Casillas v. Madison Avenue Associates, Inc, No. 17-3162 (7th Cir. 2019)

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Justia Opinion Summary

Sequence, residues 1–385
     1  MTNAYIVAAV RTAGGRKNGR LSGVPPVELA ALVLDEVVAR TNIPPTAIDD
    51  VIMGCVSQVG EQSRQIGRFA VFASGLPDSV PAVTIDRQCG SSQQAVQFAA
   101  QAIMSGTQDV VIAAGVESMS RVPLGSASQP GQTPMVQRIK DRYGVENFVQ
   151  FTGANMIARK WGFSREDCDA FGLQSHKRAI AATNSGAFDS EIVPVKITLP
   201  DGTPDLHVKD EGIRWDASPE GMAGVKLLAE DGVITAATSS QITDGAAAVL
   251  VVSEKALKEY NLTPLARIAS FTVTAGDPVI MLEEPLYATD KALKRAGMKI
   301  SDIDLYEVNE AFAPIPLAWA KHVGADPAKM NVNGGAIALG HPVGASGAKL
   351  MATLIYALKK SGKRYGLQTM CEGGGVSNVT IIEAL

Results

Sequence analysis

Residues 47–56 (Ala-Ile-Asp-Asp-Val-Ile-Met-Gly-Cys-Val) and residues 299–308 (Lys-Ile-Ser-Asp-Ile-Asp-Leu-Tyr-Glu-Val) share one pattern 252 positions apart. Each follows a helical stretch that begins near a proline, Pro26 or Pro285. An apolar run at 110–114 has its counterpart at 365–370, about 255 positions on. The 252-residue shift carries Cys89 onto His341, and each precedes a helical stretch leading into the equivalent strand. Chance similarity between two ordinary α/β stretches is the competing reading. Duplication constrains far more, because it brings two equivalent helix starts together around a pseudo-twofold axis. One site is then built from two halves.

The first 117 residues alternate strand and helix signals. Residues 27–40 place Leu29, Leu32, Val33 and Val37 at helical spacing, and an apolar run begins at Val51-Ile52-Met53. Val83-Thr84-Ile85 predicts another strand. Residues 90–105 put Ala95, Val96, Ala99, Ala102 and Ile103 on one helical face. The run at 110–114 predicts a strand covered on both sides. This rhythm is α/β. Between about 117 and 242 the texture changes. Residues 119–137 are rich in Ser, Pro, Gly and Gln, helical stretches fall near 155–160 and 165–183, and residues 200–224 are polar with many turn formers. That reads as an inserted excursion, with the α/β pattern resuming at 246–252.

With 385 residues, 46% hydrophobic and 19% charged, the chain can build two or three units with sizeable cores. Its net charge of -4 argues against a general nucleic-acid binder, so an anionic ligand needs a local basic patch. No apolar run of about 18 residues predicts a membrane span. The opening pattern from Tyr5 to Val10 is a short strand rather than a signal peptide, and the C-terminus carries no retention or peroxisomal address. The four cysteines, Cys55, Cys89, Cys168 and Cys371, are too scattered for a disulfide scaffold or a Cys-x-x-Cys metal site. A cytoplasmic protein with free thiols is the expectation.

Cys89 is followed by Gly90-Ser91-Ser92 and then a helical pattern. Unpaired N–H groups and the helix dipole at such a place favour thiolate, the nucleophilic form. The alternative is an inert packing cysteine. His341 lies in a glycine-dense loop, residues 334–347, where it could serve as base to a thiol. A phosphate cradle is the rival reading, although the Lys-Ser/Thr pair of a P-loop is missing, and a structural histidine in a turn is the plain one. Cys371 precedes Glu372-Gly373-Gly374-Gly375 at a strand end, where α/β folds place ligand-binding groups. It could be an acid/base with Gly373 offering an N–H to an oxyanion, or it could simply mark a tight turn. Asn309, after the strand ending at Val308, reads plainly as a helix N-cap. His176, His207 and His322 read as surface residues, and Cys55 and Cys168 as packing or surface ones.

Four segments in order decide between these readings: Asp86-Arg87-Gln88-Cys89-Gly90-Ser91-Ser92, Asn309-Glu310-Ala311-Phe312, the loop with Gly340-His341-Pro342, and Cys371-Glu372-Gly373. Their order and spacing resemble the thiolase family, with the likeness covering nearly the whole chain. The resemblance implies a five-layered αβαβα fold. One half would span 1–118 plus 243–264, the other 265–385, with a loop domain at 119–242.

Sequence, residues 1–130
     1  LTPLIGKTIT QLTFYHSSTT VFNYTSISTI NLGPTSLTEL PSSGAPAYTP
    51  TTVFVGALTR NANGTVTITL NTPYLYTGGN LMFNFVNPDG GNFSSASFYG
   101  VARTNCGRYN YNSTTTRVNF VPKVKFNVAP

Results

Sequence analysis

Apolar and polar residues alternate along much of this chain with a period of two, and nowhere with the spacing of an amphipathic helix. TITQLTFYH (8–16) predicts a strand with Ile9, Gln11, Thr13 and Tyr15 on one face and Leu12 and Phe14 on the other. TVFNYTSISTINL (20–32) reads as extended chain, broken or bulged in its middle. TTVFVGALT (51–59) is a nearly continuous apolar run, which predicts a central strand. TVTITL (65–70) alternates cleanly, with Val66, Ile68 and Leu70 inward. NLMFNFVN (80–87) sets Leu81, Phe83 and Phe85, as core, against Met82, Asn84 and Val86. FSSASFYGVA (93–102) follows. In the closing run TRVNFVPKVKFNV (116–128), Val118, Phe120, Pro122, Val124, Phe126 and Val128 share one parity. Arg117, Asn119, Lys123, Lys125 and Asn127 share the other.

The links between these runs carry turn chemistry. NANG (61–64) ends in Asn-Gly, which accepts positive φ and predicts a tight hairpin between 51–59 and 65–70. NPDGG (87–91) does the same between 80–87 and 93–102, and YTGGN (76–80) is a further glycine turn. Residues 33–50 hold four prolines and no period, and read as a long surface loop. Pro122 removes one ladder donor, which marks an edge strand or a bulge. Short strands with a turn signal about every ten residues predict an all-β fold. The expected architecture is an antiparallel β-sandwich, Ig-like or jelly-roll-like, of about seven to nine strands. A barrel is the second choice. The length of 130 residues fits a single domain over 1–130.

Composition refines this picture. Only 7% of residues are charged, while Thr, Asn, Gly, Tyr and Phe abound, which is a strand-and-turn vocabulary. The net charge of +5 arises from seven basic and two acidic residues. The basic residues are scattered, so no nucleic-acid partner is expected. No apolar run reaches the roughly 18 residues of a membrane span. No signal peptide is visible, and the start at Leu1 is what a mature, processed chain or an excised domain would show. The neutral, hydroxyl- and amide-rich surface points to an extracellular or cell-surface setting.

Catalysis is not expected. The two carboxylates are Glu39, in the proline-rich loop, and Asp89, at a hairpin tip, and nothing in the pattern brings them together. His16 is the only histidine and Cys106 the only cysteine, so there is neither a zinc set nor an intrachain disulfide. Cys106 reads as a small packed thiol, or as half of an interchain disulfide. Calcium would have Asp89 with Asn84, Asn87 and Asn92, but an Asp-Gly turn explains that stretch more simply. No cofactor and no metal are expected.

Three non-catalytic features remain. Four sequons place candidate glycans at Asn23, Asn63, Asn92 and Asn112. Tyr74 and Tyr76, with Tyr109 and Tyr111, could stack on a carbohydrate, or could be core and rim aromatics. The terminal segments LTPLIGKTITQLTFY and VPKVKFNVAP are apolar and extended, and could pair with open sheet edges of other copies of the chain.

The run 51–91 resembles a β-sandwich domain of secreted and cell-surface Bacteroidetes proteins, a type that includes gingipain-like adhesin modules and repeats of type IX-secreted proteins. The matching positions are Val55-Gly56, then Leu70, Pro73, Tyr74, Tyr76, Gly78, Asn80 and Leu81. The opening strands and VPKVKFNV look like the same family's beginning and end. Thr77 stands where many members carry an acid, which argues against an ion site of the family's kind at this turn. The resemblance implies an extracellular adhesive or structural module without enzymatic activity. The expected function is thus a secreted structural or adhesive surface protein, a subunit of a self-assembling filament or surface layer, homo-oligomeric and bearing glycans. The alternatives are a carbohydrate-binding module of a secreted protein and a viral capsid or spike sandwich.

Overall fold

Casillas allegedly owed a debt to Harvester. Madison sent Casillas a letter demanding payment. The Fair Debt Collection Practices Act requires a debt collector to give consumers written notice, 15 U.S.C. 1692g(a), including a description of two mechanisms that the debtor can use to verify her debt. A consumer can notify the debt collector “in writing” that she disputes all or part of the debt, which obligates the debt collector to obtain verification and mail a copy to the debtor or a consumer can make a “written request” that the debt collector provide her with the name and address of the original creditor. Madison’s notice neglected to specify that Casillas’s notification or request under those provisions must be in writing. Casillas filed a class action. She did not allege that she planned to dispute the debt or verify that Harvester was actually her creditor. The Act renders a debt collector liable for “fail[ing] to comply with any provision.” She sought to recover a $1000 statutory penalty for herself and a $5000 statutory penalty for unnamed class members, plus attorneys’ fees and costs. The Seventh Circuit affirmed the dismissal of the suit. A plaintiff cannot satisfy the injury‐in‐fact element of Article III standing simply by alleging that the defendant violated a disclosure provision of a consumer‐protection statute. Absent an allegation that Madison’s violation had caused harm or put Casillas at an appreciable risk of harm, Casillas lacked standing to sue.